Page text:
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May 28, 2007 03:00 PM

confronting the cookie

I love love love a good cookie--which, to my taste, is big, fresh, soft and gooey (the exception being shortbread), be it w/ or w/o nuts, chips, sprinkles etc.
But I almost never buy them b/c they're almost always a depressing waste of precious guilty-pleasure calories. Only cake by the slice surpasses a cookie in its ratio of good looks:blah flavor. Even Maria's only does so-so soft cookies (though the Italian varieties are pretty good).

Which bakeries in town have truly mastered the lowly cookie?


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  1. I think Lakota Bakery has the best cookies around. They are in Arlington Heights (near Penzeys and across from Something Savory). I'm partial to the macaroons (lemon, chocolate covered almond or coconut), florentines and their chocolate dipped shortbread. The lemon macaroons were my favorite of the three but my last purchase had an excess of icing. The chocolate almond is a close second. The coconut has a hunk of dark chocolate in the middle which is always a nice contrast.

    I usually buy my fix at Formaggio in Cambridge. However, sometimes, they can get a wee bit stale.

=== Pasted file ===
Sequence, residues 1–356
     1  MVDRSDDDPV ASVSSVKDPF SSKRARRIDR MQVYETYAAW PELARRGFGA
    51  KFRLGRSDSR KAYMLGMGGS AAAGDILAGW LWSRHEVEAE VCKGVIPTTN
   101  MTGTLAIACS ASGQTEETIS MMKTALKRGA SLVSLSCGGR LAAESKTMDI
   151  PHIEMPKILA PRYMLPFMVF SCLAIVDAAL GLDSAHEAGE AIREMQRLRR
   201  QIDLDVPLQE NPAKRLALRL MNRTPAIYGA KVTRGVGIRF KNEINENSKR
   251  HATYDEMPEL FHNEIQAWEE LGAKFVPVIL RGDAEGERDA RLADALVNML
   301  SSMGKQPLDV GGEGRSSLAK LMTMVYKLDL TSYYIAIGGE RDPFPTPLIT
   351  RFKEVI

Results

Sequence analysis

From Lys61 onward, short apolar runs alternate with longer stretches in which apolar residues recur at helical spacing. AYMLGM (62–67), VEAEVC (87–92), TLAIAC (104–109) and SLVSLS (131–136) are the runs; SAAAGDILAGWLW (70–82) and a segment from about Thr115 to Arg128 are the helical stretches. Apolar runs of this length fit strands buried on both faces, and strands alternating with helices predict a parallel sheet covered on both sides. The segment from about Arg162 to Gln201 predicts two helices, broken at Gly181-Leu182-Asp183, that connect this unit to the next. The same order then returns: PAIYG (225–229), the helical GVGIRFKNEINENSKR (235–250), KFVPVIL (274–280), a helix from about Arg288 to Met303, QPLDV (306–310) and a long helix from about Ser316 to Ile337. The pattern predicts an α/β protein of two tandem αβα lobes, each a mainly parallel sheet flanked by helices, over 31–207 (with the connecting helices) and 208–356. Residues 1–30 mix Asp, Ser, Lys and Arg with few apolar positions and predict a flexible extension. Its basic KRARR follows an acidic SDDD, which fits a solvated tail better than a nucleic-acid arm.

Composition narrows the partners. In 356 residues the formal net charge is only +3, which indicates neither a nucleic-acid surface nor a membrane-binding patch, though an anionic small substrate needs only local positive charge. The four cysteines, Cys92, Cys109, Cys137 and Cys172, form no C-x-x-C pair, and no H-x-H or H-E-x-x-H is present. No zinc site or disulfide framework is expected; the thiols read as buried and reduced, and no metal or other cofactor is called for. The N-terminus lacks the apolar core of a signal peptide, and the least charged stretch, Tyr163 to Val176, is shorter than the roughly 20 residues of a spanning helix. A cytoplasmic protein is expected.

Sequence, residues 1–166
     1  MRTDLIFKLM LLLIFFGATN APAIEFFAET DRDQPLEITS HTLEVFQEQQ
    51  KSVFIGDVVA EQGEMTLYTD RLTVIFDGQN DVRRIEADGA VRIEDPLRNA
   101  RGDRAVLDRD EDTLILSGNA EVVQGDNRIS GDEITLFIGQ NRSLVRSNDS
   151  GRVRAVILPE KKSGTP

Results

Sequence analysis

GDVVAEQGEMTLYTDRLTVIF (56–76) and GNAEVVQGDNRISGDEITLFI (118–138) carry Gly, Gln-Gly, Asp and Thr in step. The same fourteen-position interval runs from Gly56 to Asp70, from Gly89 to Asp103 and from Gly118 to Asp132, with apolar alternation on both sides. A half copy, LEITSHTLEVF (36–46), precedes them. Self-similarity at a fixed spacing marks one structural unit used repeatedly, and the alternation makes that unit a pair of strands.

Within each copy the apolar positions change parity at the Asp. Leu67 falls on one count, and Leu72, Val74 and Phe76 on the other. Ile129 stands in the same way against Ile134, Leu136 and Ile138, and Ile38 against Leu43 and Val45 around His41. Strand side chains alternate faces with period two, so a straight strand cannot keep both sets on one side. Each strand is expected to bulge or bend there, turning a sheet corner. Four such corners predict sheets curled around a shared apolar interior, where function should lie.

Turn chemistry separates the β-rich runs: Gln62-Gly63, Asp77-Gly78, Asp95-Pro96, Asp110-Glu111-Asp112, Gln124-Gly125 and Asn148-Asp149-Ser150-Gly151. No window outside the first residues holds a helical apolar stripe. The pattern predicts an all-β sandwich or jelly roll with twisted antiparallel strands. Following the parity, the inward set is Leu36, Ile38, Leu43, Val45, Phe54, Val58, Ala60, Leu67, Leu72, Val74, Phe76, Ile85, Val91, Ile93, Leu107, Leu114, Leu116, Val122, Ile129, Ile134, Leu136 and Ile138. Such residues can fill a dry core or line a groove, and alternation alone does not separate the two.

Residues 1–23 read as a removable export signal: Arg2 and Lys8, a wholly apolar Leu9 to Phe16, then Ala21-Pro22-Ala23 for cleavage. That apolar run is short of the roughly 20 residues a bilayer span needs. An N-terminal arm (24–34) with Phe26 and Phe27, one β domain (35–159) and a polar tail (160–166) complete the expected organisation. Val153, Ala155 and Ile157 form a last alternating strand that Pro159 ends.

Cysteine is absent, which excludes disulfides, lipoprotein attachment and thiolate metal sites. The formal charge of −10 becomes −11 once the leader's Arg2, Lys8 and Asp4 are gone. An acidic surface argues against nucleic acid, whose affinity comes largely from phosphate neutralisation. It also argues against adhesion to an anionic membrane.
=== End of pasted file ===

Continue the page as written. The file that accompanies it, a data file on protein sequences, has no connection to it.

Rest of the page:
I also love the Salt Oats cookies (at the bread counter at FK or by the boxed chocolate section. I *love* the chocolate salty oats cookie but they are $2.50 a pop. Big cookie but pricey.

    4 Replies
    1. re: beetlebug

      Ignore my post. I just saw the word "cookie" and I immediately thought of Lakota. They don't fit your parameters of big, fresh, soft and gooey. But they are tasty.

      Sorry about that.

      1. re: beetlebug

        We have the same palate for cookies...I LOVE Lakota (I like the chocolate sandwich cookies and the apricot linzer) and Salty Oats!!! I've tried, unsuccessfully, to replicate them myself!

        1. re: beetlebug

          I *love* the lemon macaroons at Lakota. They are sensational. I could polish off 1/2 dozen with a tall glass of milk, easy. My hubby feels the same way about their rumballs.

          1. re: beetlebug

            I met the Salty Oats cookies woman at the Hingham Whole Foods last saturday...She's really nice, and skinny, damn her! The cookies are absolutely delicious, and surprisingly, sigar is pretty low on the ingredient list. They were selling bags of six, a mix of the plain and the chocolate, for $9.95. Don't know if they carry them at other Whole Foods yet, but we can ask; she really deserves the boost! The company is called kayak cookies, or cookie, not sure which.

          2. Clear Flour does a few really good big cookies - I think the one most to your taste would probably be the oatmeal raisin. They also do a chocolate chunk, sometimes with and sometimes without nuts (I prefer mine with), and occasionally an all-chocolate cookie, which I haven't actually tried.

            They also do a variety of small bagged cookies, but those would definitely not fit your criteria as they are all of the crispy/crunchy or shortbread variety. I think it's probably hard to do a really gooey big cookie in a commercial setting, rather than homemade, because they don't keep at all well, but are only good when very fresh.